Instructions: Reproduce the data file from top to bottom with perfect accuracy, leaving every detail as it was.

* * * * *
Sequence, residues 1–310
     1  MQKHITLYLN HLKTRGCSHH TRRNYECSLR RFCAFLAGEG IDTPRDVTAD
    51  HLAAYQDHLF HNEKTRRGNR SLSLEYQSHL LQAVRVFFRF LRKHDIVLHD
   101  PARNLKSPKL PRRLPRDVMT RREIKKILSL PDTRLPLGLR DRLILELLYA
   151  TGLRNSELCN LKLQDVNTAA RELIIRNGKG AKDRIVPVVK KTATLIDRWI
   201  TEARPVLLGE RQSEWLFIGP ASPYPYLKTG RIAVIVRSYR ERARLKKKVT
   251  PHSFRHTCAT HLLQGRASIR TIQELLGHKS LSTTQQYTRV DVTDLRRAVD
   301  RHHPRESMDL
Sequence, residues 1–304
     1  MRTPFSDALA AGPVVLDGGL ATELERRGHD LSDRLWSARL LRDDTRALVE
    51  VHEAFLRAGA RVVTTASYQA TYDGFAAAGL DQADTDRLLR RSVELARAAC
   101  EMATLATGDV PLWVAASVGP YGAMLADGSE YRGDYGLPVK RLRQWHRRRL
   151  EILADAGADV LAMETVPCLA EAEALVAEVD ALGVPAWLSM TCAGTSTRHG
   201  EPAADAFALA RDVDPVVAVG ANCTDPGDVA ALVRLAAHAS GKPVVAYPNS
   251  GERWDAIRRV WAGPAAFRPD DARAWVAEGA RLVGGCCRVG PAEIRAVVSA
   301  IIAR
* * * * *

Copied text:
Sequence, residues 1–310
     1  MQKHITLYLN HLKTRGCSHH TRRNYECSLR RFCAFLAGEG IDTPRDVTAD
    51  HLAAYQDHLF HNEKTRRGNR SLSLEYQSHL LQAVRVFFRF LRKHDIVLHD
   101  PARNLKSPKL PRRLPRDVMT RREIKKILSL PDTRLPLGLR DRLILELLYA
   151  TGLRNSELCN LKLQDVNTAA RELIIRNGKG AKDRIVPVVK KTATLIDRWI
   201  TEARPVLLGE RQSEWLFIGP ASPYPYLKTG RIAVIVRSYR ERARLKKKVT
   251  PHSFRHTCAT HLLQGRASIR TIQELLGHKS LSTTQQYTRV DVTDLRRAVD
   301  RHHPRESMDL
Sequence, residues 1–304
     1  MRTPFSDALA AGPVVLDGGL ATELERRGHD LSDRLWSARL LRDDTRALVE
    51  VHEAFLRAGA RVVTTASYQA TYDGFAAAGL DQADTDRLLR RSVELARAAC
   101  EMATLATGDV PLWVAASVGP YGAMLADGSE YRGDYGLPVK RLRQWHRRRL
   151  EILADAGADV LAMETVPCLA EAEALVAEVD ALGVPAWLSM TCAGTSTRHG
   201  EPAADAFALA RDVDPVVAVG ANCTDPGDVA ALVRLAAHAS GKPVVAYPNS
   251  GERWDAIRRV WAGPAAFRPD DARAWVAEGA RLVGGCCRVG PAEIRAVVSA
   301  IIAR